By Howard Blas
For Jerusalem resident Moshe Rosenbaum it is hard to believe that his Hungarian-born Holocaust survivor father, Pinchas, would have been 90 this year. He died 33 years ago – and, like many survivors, he did not share all of the details of his Holocaust experience. Fortunately, however, he shared enough information for his family to know that he was a true hero who risked his life to save hundreds of fellow Jews. Now the world will know too.
“Although our late father did not volunteer much information and would only respond to our questions, we learned as children about our father’s hatzala [saving] work,” Moshe Rosenbaum said recently in an interview with the Ledger. “Our late mother spoke to us about it and we also met many friends from those days, including people who were saved by our late father.”
Pinchas Rosenbaum was born in Hungary in 1923 and received his rabbinic ordination at the age of 18. When the Nazis occupied Hungary in 1944, the 21-year-old was sent to a labor camp, never again seeing his parents and siblings who were sent to their deaths at Auschwitz.
Pinchas escaped the labor camp and devised a scheme to save others by wearing the stolen uniforms of the Hungarian Arrow Cross Party, a nationalist socialist party responsible for deporting and murdering tens of thousands of Jews. Pinchas would learn which Jews were to be deported; seek them out, seize them, and pretend to arrest them. Instead of sending them off to their deaths, though, he brought them to a place known as the Glass House, the Swiss refuge in Budapest which was overseen by a Swiss diplomat named Carl Lutz. Lutz was the Swiss vice-consul in Budapest from 1942 until the end of World War II. He is credited with saving more than 62,000 Jews.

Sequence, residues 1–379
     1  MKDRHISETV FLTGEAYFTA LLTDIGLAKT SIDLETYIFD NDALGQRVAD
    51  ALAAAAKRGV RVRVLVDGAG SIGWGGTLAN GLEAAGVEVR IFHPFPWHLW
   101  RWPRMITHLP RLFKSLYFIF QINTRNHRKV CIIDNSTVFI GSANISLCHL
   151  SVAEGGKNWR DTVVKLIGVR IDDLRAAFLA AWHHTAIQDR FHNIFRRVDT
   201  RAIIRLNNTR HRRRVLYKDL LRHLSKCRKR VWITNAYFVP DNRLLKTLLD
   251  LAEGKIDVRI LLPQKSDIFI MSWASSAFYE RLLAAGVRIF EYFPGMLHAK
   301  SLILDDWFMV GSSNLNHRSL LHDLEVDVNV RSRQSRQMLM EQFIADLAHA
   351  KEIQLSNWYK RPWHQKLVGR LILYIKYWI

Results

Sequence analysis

Fast forward to the 21st century. Film director Mark Schmidt came across the Rosenbaum story while viewing a History Channel documentary on World War II heroes. What he learned prompted him to make a film about a fictional character named Elek Cohen (played by Jonas Armstrong), based on Pinchas Rosenbaum. Set in Hungary during the final months of World War ll, the young Elek sets out to find his displaced family by stealing a Nazi uniform to pose as an officer. He undertakes extraordinary measures to reroute his family and other Jews to safety by disrupting the activities of the German occupiers.
When Moshe Rosenbaum read about the movie, he contacted the producers. “They invited my wife and I to see that first version. I really had nothing to do with the making of the movie, which in a way is better. I much prefer a fictional story inspired by my father than a distorted biography.”
Still, says Rosenbaum, “I was very moved to see that my late father’s deeds inspired Mark Schmidt and [producer] Randy Williams, who are both not Jewish, to such an extent they decided to make their first movie based on their vision of my father’s story. It was very intense to watch this film and feeling so connected to the main character. Elek does display great courage and total devotion to help and do whatever is necessary to save other Jews and that was my father.”
“Walking with the Enemy,” starring Ben Kingsley, is currently being shown in select theaters in New York, New Jersey, and other parts of the country.
The Ledger spoke recently with director Mark Schmidt about his new film.
JL: How did you come across this story in the first place?
MS: I saw a documentary on World War II heroes on the History Channel – and one was Pinchas Rosenbaum. I did research; I read books. I went to visit Hungary and went to such towns as Budapest and Krivoda, his hometown, where I conducted interviews.
The film was shot in Eastern Europe. Some in Budapest, also Bucharest and Southern California. We chose the locations to duplicate what it looked like in the 1940s.
JL: Why did you feel this was an important film to make?
MS: Pinchas Rosenbaum was a true hero, he had no army or government behind him. He could have hid out, but he put his life on the line to save innocents. It shows the true hero spirit of one person. That he risked his life; he did the best he could; he adapted to his environment. It is about good versus evil; it makes you think of what happened there and that we in the United States are so lucky.
JL: Do you have any personal connection to the Holocaust?
MS: I have no personal connections. I just wish we would think about how our leadership sometimes goes down the wrong road and does things which can be evil and that the right leadership can offer practical solutions.
JL: You are donating money from the film to the Wounded Warriors project – what’s the connection?
MS: We felt that people who get injured protecting democracy deserve to be honored. We’re doing that by donating to Wounded Warriors.